I found the second sail of Amara a lot more stressful then the first.
Both Rick and I were nervous about sailing from Norfolk, VA to Tiverton, RI, without a professional Captain on board. But neither of us talked much about it before hand for fear of increasing the other’s worry. It reminded me of driving the car the first time solo. You have trained, you have done it with others, but now it was up to you. Rick plotted out the course on the iNavX and Raymarine. I got out the paper charts and verified. I had seen it on paper, so in my head I knew we were never going to be real far from shore. But for some reason being out of sight of land was really bothering me this time.
Unlike our first sail, we had overcast skies much of the time. I found night watch eerie and unsettling when I was not able to see the moon or the stars. Also, as we got further north there were many more boats, and fewer with Automatic Identification System (AIS). I had gotten used to being informed of the size, speed and direction of other vessels. It enabled me make adjustments to our course so far in advance that I never even saw the other ships with my eyes. So I certainly did not have to worry about being on a collision course with them. In the dark, with a ship in the distance, watching to see if that vessel, was going to move off of the random “fixed point” I had chosen on Amara and having that “fixed” point, keep bobbing around with the motion of the sea, made it difficult and painfully slow to determine if we were on a collision course. It was so stressful and scary for one of them, that even though I hated to wake Rick, I eventually did in order to get a more experienced opinion if we were in danger. Thankfully, we were not.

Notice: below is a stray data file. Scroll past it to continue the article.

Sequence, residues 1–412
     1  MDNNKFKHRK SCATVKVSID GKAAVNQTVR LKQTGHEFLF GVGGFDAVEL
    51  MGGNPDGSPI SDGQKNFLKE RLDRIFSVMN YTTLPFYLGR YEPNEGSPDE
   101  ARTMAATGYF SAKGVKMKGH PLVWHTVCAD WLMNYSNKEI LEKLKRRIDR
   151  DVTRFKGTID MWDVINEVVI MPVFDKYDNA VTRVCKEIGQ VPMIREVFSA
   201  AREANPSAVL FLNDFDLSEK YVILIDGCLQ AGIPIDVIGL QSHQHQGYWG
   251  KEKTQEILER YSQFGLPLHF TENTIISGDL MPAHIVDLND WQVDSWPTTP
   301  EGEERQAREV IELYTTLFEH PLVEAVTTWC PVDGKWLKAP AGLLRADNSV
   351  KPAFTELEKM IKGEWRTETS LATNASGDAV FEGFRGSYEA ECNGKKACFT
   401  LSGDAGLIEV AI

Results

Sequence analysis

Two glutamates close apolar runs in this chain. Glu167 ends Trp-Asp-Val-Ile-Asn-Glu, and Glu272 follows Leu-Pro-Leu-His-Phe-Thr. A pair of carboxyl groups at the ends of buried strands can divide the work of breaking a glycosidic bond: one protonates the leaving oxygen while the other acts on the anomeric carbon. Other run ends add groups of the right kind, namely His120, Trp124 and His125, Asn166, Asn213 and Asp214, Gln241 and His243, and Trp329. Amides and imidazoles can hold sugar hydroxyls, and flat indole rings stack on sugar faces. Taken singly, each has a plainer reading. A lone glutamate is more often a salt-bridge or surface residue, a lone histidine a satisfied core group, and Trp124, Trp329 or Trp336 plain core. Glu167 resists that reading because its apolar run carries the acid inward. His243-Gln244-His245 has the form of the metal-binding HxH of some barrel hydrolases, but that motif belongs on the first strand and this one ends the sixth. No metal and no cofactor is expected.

The best part of our second ocean voyage on Amara was the pod of Dolphins that played with us. They would swim beside us on the port side, then go under our bow, and swim along with us on the starboard, and back again. It was so playful, there was no doubt they were doing this on purpose. It is so hard to explain just how it felt to have dolphins playing with you. Rick and Greg also got to see a pod of pilot whales, unfortunately for me, I was napping at the time. Rick saw a large but gratefully very dead shark on one of his watches. The closer we got to Rhode Island, especially once we were turning into land, the more Lobster pots to avoid. Which was an all new challenge for me.
When we got within view of Block Island, I don’t believe I have ever been more excited to see land in my life. We also had cell reception again, so it was like getting back to civilization. Rick expertly, navigated up the Sakonette River to our mooring ball at Standish Boatyard. We had some challenges getting hooked onto our mooring the ball at first. But Rick came up with an excellent solution and before long we were all hooked up and ready to head to shore.
I was literally so happy to be back on land, I was seriously considering kissing the ground when I got off the Amara in Tiverton.
The first ground I found was either paved or covered in weeds, so I thought better of kissing the ground there. It was wonderful to see Shannon again. It had been a long time. It was also great to get to see Eric and Shannon’s house and celebrate our arrival with a lobster dinner.
It was good to know Amara was moored where a larger ship did just fine during hurricane Sandy. But it was still hard to leave her to go back to Colorado. For the most part, I sleep very well on her. Especially, when there is just a light rocking. I was ready for her to be my home. I wanted to be on her more then at our “real” house. Which was great motivation to get things packed up, quickly. I knew Captain Marty (Eric) knew way more about taking care of her than I do, but she was my baby now. When we rode away, she seemed so lonely sitting there by herself. When I told my friend, who does have an infant about being up at night doing watches and so forth, she agreed it did have similarities to having a baby and now I was hooked.